The L.A. Times has an incredible story that is far too common in today’s nursing home industry.
Rita Kittower buried her husband last month. She had bade a tearful goodbye to her mate of 49 years, who had passed away in an exclusive assisted living facility in Calabasas. "He just stopped breathing," Kittower said she was told by a staff member.
Then came the anonymous phone call the day after the funeral. A female employee of the nursing home told Rita that her 80-year-old husband’s death had been anything but peaceful. She said Elmore Kittower had been beaten to death by someone on the staff.
Detectives from the Los Angeles County Sheriff’s Department asked if they could exhume her husband’s body to determine what actually happened.
Mr. Kittower had a stroke which necessitated a stay at a nursing home for rehabilitation. Through a recommendation, Mrs. kittower found a place called Silverado Senior Living in Calabasas. The place specialized in taking care of residents like Mr. Kittower. The price for such service wasn’t cheap. Rita said she paid nearly $75,000 a year for her husband to share a room with another patient.
On Sunday, Oct. 28, the Kittower family gathered at Silverado to celebrate Elmore’s 80th birthday. The following Sunday, Rita and Elise came back for another visit. It was the last time they would see Elmore alive.
Two days later, a sheriff’s deputy told her that her husband had died at 8:30 that morning. When Rita called the nursing home she was told that Elmore had "just stopped breathing."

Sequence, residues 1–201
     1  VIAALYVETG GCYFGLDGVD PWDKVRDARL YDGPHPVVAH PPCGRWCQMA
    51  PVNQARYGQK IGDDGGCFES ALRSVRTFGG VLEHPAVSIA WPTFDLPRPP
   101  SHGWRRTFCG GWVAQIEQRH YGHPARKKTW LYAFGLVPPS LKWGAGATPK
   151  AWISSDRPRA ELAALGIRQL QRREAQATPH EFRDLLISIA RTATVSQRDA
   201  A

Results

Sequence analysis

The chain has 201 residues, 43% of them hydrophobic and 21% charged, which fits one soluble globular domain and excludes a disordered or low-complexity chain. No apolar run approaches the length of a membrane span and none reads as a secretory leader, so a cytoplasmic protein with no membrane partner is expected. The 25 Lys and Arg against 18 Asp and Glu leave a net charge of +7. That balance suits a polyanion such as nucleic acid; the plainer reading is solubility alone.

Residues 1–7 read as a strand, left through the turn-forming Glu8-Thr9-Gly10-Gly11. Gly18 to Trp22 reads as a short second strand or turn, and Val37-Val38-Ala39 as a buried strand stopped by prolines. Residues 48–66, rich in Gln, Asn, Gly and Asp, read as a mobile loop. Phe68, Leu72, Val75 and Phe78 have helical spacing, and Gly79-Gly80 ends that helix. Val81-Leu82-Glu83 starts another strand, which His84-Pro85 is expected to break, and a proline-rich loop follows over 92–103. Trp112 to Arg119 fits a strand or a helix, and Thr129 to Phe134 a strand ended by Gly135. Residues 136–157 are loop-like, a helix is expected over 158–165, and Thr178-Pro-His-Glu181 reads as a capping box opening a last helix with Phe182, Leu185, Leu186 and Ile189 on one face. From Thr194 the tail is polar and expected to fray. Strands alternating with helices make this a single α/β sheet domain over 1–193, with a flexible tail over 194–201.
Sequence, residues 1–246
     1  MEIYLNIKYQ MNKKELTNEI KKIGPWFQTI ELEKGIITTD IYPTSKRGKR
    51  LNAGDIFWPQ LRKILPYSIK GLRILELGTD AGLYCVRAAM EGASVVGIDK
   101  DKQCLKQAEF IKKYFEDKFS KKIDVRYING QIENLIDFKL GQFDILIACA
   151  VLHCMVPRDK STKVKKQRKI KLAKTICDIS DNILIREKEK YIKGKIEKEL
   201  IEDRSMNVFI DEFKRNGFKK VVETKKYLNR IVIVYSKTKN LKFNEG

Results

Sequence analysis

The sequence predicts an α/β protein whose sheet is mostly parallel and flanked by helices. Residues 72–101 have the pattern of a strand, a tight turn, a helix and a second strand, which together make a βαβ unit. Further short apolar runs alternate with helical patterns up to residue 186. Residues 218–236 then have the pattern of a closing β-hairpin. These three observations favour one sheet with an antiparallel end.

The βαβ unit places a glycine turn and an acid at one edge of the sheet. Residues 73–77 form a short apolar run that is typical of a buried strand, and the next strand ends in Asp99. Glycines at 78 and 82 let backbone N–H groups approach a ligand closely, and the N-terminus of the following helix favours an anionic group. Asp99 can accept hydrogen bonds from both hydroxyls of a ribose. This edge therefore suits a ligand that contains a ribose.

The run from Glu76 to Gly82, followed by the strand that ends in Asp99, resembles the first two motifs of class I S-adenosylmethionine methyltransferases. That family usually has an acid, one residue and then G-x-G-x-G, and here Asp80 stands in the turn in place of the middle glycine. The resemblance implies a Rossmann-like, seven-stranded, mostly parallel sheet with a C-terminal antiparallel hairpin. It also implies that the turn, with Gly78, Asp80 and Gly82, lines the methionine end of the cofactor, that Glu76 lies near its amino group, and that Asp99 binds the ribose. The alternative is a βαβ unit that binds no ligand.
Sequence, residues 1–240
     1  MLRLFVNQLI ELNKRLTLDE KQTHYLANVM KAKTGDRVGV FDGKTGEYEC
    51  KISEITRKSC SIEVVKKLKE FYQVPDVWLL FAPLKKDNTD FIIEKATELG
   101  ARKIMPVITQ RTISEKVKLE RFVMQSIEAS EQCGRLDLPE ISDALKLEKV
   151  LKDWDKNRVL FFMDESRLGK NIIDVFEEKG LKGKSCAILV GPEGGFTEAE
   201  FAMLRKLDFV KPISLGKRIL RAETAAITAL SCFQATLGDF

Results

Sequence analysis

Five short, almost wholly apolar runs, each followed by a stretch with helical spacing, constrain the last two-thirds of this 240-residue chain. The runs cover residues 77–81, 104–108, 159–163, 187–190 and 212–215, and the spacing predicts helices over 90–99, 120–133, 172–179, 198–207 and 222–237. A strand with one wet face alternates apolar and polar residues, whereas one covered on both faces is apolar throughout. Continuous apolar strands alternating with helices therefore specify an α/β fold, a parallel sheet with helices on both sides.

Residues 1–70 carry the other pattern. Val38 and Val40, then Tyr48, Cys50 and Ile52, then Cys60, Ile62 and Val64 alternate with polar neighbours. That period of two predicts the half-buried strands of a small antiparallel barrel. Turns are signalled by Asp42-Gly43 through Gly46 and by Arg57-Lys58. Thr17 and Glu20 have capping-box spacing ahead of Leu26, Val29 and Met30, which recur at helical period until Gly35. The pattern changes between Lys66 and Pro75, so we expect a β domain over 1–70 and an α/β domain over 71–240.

On Nov. 10, the day after her husband was buried, Rita received the mysterious call from a woman who identified herself only as Maria. The woman said she hadn’t slept in three days.
The woman said a staff member had punched Elmore in the eye and wrapped a towel around his head in an apparent attempt to suffocate him.
She hung up the phone, but not before getting the woman’s number. Rita asked her son to call the woman back. He elicited more details from the caller. When Rita asked about it, he said, "You don’t want to know."
Rita asked her nephew, Paul Zwerdling, to call the Sheriff’s Department. As it turned out, sheriff’s officials already had their suspicions about Elmore Kittower’s death. The woman who called Rita Kittower also made an anonymous call to the Lost Hills sheriff’s station and mailed an anonymous letter to a nearby fire station.
Lt. Al Grotefend said detectives gathered sufficient evidence to warrant an exhumation. After consulting with family members, she agreed to the exhumation in order to "find out the truth" and protect any other potential victims.
Sources confirm some trauma to Kittower’s remains that was consistent with an assault.
Grotefend said detectives developed a prime suspect in the case — a caregiver who no longer works at the facility. The suspect was arrested shortly after Kittower’s death on suspicion of elder abuse, but the case was rejected by the district attorney’s office.
Grotefend said that the arrest was made before the exhumation and that detectives have since gathered additional information and plan to resubmit the case to prosecutors.
Not surprisingly, Mark Mostow, a paid spokesman for Silverado Senior Living, said the company had completed its own "investigation" and "found nothing to substantiate any wrongdoing." However, Mostow admitted that the employee accused of assaulting Kittower had been terminated for violating an undisclosed policy.